Each week, Live Happy Radio presents #HappyFacts designed to enlighten, educate and entertain you. Here’s a look at what we’re talking about this week:
Shoo the Flu With a Shot of Happiness
If you want to beat the flu this season, a good mood may be your best ally. Being depressed or anxious has long been linked to a suppressed immune system, but recent research shows that a positive mood can have a positive effect on your health.
A study by the University of Nottingham found that participants who were in a good mood when they got their flu shots were more protected from the virus than those who were in a neutral or bad mood. Even after taking into account all other variables, the predominant factor in the flu shots’ effectiveness came back to the positive moods. Those who were in a good mood (even while being stabbed in the arm with a needle) showed a higher level of antibodies.
This supports a growing body of evidence about how our emotions and the immune system work together. Although scientists are still trying to figure out just how the mental state triggers physical well-being or disease, the evidence is clear that it does.
So, whether you’re getting a flu shot or just want to stay healthy this winter—think positive and reduce stress.
Smile and your brain smiles with you
We’ve been told since childhood to smile, but it turns out that all smiles are not created equal. In fact, smiles are used to convey twice as many indifferent or unhappy emotions as happy ones, according to psychologists. Of the 19 types of smiles, only six indicate true happiness.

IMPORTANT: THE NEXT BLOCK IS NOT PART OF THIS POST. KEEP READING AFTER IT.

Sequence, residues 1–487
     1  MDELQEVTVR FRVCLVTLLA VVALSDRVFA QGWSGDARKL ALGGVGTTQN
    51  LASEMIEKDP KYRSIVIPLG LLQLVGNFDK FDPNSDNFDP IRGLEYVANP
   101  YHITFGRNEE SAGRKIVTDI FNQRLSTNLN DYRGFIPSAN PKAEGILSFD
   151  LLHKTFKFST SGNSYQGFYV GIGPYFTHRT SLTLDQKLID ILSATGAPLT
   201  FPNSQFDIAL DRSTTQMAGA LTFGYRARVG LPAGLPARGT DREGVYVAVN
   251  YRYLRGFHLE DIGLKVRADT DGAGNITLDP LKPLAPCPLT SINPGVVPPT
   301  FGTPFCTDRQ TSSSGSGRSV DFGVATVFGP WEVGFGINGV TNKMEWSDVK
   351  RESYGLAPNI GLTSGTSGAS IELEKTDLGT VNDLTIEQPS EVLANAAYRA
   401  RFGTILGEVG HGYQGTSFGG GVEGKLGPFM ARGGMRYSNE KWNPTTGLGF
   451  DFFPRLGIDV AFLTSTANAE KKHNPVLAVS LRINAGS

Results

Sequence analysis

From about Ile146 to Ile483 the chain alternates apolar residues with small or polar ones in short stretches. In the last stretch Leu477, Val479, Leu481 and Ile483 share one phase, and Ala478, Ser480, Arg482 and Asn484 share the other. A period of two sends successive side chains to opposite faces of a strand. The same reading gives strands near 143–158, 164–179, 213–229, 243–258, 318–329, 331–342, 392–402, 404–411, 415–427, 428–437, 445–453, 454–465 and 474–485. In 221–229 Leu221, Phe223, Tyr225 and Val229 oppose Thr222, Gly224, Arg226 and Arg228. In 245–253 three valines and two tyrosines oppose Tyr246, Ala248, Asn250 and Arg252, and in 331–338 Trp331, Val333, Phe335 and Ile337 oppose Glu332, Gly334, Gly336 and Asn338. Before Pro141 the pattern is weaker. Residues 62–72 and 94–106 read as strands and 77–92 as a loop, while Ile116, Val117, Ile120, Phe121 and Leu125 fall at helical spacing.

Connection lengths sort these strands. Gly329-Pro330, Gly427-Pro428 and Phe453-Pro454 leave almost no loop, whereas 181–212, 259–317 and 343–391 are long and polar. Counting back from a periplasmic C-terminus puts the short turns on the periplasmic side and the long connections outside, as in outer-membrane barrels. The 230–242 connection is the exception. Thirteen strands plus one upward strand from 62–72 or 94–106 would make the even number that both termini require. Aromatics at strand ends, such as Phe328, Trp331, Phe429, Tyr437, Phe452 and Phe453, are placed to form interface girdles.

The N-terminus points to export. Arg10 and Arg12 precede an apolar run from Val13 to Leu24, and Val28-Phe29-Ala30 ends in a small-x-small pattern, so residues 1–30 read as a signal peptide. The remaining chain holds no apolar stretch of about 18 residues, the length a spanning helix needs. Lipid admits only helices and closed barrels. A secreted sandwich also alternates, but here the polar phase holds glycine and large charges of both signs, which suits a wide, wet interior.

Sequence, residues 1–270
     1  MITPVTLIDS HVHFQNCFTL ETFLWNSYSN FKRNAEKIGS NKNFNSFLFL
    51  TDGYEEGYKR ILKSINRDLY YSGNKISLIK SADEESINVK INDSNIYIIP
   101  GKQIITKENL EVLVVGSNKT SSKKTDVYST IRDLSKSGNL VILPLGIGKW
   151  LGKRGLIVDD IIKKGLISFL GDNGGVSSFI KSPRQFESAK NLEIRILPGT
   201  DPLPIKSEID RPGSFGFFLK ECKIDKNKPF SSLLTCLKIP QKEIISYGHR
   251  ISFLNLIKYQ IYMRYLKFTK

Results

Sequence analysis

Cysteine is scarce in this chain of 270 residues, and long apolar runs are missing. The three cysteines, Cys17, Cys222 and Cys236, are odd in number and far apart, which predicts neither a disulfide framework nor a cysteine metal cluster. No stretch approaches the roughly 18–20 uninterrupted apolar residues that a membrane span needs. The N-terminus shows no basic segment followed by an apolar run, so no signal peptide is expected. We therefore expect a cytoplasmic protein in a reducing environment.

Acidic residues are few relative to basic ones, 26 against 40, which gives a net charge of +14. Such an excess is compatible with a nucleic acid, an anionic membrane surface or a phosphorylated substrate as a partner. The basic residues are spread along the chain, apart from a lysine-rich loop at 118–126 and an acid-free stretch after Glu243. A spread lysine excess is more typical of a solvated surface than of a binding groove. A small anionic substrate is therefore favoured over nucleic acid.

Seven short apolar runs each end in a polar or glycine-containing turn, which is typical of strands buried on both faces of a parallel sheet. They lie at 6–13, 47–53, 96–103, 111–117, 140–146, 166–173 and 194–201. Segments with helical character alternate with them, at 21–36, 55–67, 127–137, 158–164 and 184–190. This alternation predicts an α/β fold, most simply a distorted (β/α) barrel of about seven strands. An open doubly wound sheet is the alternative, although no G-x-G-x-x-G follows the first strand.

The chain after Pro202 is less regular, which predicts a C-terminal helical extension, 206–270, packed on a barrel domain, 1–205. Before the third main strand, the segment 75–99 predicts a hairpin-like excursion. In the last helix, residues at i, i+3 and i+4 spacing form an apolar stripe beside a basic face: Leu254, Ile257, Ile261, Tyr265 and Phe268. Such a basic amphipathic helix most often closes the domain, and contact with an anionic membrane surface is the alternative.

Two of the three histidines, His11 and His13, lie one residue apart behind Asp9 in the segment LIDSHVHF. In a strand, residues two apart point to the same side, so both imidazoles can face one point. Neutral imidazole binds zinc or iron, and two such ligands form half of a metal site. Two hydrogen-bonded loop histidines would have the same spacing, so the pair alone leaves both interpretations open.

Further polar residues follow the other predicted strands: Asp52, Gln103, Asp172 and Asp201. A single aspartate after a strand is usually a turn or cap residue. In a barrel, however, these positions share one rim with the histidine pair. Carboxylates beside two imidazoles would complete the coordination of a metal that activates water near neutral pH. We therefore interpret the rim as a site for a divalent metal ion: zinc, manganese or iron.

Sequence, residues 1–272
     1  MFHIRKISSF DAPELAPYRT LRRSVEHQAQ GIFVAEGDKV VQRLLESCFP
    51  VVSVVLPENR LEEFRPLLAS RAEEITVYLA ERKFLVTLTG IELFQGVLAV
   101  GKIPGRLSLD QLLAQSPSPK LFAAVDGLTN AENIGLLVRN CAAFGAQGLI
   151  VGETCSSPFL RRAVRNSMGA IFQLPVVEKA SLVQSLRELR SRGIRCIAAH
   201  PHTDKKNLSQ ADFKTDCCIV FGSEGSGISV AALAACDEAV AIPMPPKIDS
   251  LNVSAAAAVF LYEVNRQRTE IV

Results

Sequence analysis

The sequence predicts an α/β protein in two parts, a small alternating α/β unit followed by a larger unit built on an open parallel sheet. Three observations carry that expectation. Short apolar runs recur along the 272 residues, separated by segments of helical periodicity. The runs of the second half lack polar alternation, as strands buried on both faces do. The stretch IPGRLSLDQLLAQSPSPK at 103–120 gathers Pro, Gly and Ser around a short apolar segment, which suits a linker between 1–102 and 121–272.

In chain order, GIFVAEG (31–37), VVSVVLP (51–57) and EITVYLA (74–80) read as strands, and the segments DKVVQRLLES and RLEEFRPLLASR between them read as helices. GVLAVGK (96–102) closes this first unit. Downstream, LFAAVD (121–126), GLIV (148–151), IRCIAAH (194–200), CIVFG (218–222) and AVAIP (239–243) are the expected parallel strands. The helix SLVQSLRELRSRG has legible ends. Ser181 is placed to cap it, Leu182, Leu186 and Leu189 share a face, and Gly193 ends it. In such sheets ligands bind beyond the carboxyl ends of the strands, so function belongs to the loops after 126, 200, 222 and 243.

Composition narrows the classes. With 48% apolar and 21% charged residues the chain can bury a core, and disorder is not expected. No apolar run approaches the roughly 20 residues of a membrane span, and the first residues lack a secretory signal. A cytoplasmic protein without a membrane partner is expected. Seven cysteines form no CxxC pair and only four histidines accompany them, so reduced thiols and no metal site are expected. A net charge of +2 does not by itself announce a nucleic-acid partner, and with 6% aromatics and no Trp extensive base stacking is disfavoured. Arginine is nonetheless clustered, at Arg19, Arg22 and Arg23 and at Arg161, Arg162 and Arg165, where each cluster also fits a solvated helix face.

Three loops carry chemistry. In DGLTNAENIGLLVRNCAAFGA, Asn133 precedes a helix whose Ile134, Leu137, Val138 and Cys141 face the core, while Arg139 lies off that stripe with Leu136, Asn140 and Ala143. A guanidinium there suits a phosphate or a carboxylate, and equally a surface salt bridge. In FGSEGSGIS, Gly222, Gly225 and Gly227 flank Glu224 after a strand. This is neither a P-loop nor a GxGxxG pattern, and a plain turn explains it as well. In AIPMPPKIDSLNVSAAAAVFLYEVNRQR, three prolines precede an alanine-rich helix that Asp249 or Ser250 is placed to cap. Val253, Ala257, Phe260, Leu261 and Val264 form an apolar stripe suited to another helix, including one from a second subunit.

But what does that mean to your brain? Smiling triggers the brain to release feel-good neurotransmitters, such as dopamine and endorphins, sending messages to the rest of your body to help you relax while slowing your heart rate and lowering your blood pressure.
Whatever your reason for smiling (or whatever kind of smile you’re wearing), know that it is doing good things for your brain and your body!
The road to happiness is paved with…boredom?
Boredom, which is characterized scientifically as “an unengaged mind,” gives us a great opportunity to reset what is between our ears. Left unchallenged, research shows that a bored mind will often lead to anxiety and depression, but with awareness, boredom also can be used as a sign to reboot our mind. It lets us know that we’re stuck on autopilot instead of using our natural curiosity to explore our environment.
Instead of trying to divert your attention away from your boredom, use it as chance to practice mindfulness. Whether that means meditating or simply becoming aware of your surroundings and trying to experience them in a different way, boredom can be used to “check in” with yourself to find out what’s going on in your mind and with your body. Or, at the very least, use it to take a breath and be grateful for peace and quiet.